Mick: After the Fourth Division championship in 1981 I played in every game and it was tough and playing with injuries was part and parcel of my game as we only had a squad of 16 players. For example,  there were no masks for broken noses and no time off for injuries. I once played with a fractured eye socket. Lots of knee/ankle twists. Just filled up with cortisone and got on with it.

(vii) You played a prominent part in the rise of Wimbledon through the divisions and you were pictured chairing Dave Bassett in that iconic photo after clinching promotion to the old Division One at Huddersfield on May 3 1986. What are your memories of that day of celebration?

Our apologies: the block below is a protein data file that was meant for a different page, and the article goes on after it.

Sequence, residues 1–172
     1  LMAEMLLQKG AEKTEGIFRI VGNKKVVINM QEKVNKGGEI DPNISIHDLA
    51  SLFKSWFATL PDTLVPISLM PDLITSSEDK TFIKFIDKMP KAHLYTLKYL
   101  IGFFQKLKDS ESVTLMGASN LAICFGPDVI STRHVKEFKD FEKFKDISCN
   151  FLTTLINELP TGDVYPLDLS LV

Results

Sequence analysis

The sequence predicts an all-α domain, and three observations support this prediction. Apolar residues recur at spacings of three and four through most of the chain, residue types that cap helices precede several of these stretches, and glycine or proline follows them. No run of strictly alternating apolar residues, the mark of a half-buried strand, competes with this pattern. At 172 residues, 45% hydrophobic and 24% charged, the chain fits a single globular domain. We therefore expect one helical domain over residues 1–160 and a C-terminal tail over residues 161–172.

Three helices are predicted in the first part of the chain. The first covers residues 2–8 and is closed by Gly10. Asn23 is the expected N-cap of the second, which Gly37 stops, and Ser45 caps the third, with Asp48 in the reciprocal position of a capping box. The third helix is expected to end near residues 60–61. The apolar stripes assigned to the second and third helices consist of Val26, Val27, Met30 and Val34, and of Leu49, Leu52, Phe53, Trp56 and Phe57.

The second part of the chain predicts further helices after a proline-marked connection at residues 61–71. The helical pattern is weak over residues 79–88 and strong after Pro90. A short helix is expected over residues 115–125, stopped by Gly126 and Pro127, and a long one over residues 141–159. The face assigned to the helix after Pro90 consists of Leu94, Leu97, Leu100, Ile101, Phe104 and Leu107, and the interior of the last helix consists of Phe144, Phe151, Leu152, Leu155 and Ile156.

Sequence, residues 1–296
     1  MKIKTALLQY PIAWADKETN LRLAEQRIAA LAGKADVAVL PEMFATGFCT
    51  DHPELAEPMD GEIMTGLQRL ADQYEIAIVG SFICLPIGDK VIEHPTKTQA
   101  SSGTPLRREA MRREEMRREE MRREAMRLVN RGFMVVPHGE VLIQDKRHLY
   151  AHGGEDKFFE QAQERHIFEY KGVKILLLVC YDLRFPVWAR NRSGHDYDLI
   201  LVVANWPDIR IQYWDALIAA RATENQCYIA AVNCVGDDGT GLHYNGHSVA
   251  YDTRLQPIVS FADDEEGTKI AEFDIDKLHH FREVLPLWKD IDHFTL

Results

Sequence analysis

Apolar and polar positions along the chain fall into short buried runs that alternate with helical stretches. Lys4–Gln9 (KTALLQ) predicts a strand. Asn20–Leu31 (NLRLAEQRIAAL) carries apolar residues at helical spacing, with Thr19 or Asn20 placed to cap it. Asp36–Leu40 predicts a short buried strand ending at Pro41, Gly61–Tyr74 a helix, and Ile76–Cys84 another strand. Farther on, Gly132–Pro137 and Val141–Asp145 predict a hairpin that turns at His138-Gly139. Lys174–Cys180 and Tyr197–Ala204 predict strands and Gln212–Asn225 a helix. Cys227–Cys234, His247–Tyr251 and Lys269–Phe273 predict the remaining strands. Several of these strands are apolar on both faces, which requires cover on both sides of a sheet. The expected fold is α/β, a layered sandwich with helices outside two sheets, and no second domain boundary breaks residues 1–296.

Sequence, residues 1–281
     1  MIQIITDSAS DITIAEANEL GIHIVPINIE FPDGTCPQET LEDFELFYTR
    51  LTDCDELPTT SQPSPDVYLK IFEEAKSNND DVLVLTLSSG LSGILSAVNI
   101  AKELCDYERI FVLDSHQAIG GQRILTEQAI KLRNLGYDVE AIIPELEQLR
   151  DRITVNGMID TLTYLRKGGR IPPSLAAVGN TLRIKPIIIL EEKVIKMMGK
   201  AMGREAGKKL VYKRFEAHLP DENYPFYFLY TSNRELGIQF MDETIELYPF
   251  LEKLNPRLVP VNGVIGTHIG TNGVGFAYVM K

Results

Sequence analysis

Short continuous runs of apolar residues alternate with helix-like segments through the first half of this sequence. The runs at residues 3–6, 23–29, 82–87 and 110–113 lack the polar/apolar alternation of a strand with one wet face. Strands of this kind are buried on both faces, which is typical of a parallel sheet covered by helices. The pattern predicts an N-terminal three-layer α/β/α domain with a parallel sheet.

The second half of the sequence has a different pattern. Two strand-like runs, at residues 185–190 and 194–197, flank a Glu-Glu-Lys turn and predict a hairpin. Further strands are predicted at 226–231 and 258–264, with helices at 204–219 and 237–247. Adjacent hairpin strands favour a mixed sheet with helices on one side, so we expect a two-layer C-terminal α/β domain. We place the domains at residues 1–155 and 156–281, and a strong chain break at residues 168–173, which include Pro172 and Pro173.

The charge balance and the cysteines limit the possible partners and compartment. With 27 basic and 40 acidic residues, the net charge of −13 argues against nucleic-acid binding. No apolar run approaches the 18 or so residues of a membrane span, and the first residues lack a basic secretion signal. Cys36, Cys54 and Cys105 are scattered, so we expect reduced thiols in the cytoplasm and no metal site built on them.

Mick: I was on the bench that day at Huddersfield but that for me was just another game. We had progressed through the division at a time when there was very little football on TV and teams didn’t really take much notice of us until they came to Plough Lane then they knew – and didn’t want to come back.

Takes pride of place in the Smith household. Photo credit: Rob Cornell.

(viii) Injuries caught up with you the following season and Wimbledon’s first in the top tier and you played only the first six league games – your last at Newcastle in September 1986 – as home-grown youngsters Andy Thorn, Mark Morris and Brian Gayle became first-team regulars. What were your memories of that time and how hard was it for you to call it quits in 1988 – the year the Dons won the FA Cup final – after a  Dons career spanning 205 league appearances?